If you have symptoms of cystitis, talk to your health care provider as soon as possible. Your provider can diagnose cystitis based on your symptoms and medical history.
When more information is needed for a diagnosis or treatment plan, your provider may recommend:
- Urine analysis. For this test, you collect a small amount of urine in a container. Your provider checks the urine for signs of infection, such as bacteria, blood or pus. If bacteria are found, you may also have a test called a urine culture to check what type of bacteria is causing the infection.
- Imaging. An imaging test usually isn't needed for cystitis. But in some cases, imaging may be helpful. For example, an X-ray or ultrasound may help your provider find other potential causes of bladder inflammation, such as a tumor or anatomy problem.
Cystitis caused by bacterial infection is generally treated with antibiotics. Treatment for other types of cystitis depends on what's causing it.
Treating bacterial cystitis
Antibiotics are the first line of treatment for cystitis caused by bacteria. Which drugs are used and for how long depends on your overall health and the bacteria found in the urine.
First-time infection. Symptoms often improve a lot within the first few days of taking antibiotics. But you'll likely need to take antibiotics for three days to a week, depending on how severe your infection is.
Take the pills exactly as directed by your provider. Don't stop the pills early, even if you're feeling better. This helps make sure that the infection is completely gone.
- Repeat infection. If you have recurrent UTIs, your provider may have you take antibiotics for a longer period of time. You may also be referred to a doctor who specializes in urinary tract disorders (urologist or nephrologist). A specialist can check for any urologic problems that may be causing the infections. In some cases, taking a single dose of an antibiotic after sex may be helpful for repeat infections.
- Hospital-acquired infection. Hospital-acquired bladder infections can be a challenge to treat. That's because bacteria found in hospitals are often resistant to the common types of antibiotics used to treat community-acquired bladder infections. Different types of antibiotics and different treatment approaches may be needed.
Women who have gone through menopause may be particularly at risk of cystitis. As a part of treatment, your provider may give you a vaginal estrogen cream. But vaginal estrogen is recommended only if you're able to use this medicine without increasing your risk of other health problems.
Treating interstitial cystitis
There's no single treatment that works best for someone with interstitial cystitis. The cause of inflammation is uncertain. To relieve symptoms, you might need medication given as a pill you take by mouth. Medicine can also be placed directly into the bladder through a tube. Or you might have a procedure called nerve stimulation. This uses mild electrical pulses to relieve pelvic pain and urinary frequency.
Surgery is a last resort option, to be considered only when other treatments fail. Surgery might not work to relieve pain and other symptoms.
Treating other forms of noninfectious cystitis
Some people are sensitive to chemicals in products such as bubble bath or spermicide. Avoiding these products may help ease symptoms and prevent more episodes of cystitis. Drinking plenty of fluids also helps to flush out substances that may be irritating the bladder.
For cystitis that develops as a complication of chemotherapy or radiation therapy, treatment focuses on managing pain by taking medicine.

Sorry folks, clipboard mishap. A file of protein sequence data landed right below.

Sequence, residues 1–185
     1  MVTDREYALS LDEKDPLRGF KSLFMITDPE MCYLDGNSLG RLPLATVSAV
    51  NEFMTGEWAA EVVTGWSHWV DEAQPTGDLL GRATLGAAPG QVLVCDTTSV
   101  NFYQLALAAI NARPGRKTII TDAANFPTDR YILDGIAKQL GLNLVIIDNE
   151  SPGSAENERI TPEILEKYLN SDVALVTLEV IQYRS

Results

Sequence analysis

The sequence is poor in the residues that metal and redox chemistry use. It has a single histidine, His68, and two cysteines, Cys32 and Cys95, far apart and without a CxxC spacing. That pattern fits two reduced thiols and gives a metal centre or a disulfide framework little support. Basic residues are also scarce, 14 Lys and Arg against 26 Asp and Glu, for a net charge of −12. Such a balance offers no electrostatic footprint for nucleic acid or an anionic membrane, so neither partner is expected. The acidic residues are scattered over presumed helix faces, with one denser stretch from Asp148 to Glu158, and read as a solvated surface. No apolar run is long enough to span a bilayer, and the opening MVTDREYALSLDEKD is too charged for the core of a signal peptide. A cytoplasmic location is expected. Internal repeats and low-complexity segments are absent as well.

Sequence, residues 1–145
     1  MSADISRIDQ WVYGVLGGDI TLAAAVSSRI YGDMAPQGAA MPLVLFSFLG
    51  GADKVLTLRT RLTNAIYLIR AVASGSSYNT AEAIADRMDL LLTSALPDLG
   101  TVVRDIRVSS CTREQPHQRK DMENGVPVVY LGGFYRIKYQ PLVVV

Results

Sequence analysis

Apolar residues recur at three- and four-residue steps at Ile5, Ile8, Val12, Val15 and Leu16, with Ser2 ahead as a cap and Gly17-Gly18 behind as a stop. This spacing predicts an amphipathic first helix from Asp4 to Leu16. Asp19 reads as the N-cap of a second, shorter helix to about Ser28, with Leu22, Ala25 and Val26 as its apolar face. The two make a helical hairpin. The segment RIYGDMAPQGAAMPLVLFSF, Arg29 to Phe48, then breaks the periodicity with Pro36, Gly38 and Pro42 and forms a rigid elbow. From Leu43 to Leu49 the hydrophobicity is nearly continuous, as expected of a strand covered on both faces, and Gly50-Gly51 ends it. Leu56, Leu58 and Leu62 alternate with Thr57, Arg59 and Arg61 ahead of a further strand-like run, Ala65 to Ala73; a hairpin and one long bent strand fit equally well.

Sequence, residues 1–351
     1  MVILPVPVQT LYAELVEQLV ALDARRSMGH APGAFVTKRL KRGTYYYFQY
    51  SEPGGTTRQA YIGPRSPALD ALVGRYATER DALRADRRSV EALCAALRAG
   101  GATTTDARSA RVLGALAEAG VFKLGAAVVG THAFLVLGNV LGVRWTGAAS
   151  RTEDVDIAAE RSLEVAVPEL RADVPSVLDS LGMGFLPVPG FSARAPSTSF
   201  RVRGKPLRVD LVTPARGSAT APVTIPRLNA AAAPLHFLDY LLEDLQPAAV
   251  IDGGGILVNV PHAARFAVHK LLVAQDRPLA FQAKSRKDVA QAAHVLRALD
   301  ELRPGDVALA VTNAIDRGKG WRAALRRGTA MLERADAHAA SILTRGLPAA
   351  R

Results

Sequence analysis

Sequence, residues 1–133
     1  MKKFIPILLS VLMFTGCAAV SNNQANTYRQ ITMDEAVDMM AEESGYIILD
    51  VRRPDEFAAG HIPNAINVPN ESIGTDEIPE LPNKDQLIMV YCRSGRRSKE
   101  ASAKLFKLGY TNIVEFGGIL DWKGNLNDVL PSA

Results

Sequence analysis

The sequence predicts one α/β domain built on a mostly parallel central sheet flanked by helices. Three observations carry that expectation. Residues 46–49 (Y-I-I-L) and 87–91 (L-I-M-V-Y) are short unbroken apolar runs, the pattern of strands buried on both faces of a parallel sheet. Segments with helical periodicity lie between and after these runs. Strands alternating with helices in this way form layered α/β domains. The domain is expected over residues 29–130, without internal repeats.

- Chronic bladder infection
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Lifestyle and home remedies
Cystitis can be painful. To ease discomfort:
- Use a heating pad. A heating pad placed on your lower abdomen may soothe bladder pressure or pain.
- Stay hydrated. Drink plenty of fluids to keep yourself hydrated. Avoid coffee, alcohol, soft drinks with caffeine and citrus juices. Also avoid spicy foods until your infection clears. These items can irritate the bladder and make a frequent or urgent need to urinate worse.
For recurrent bladder infections, ask your provider about ways you can reduce the chance that you'll have another infection.
Preparing for your appointment
If you have symptoms common to cystitis, make an appointment with your primary care provider. After an initial visit, you may then see a doctor who specializes in urinary tract disorders (urologist or nephrologist).
What you can do
To prepare for your appointment:
- Ask if there's anything you need to do in advance, such as collect a urine sample.
- Write down your symptoms, including any that seem unrelated to cystitis.
- Make a list of all the medicines, vitamins or other supplements that you take.
- Take a family member or friend along, if possible. Sometimes it can be hard to remember all the information you're told during an appointment.
- Write down questions to ask your provider.
For cystitis, basic questions to ask include:
- What's likely causing my symptoms?
- Are there any other possible causes?
- What tests do I need?
- What treatment approach do you recommend?
- If the first treatment doesn't work, what will we do next?
- Am I at risk of complications from this condition?
- Could this problem happen again?
- What can I do to prevent this from happening again?
- Should I see a specialist?
Be sure to ask other questions during your appointment as they occur to you.
What to expect from your doctor
Your provider is likely to ask you a number of questions, such as:
- When did you first notice symptoms?
- Have you been treated for a bladder or kidney infection in the past?
- How much pain are you in?
- How often do you use the bathroom?
- Do you feel better after urinating?
- Do you have low back pain?
- Have you had a fever?
- Have you noticed vaginal discharge or blood in your urine?
- Are you sexually active?
- Do you use birth control? What kind?
- Could you be pregnant?
- Are you being treated for any other medical conditions?
- Have you ever used a catheter?
- What medicines, vitamins or supplements do you take?
By Mayo Clinic Staff
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Aug. 16, 2022
- Kellerman RD, et al. Bacterial infections of the urinary tract in women. In: Conn's Current Therapy 2022. Elsevier; 2022. https://www.clinicalkey.com. Accessed May 10, 2022.
- Bennett JE, et al. Urinary tract infections. In: Mandell, Douglas, and Bennett's Principles and Practice of Infectious Diseases. 9th ed. Elsevier; 2020. https://www.clinicalkey.com. Accessed May 10, 2022.
- Hooton TM, et al. Acute simple cystitis in women. https://www.uptodate.com/contents/search. Accessed May 11, 2022.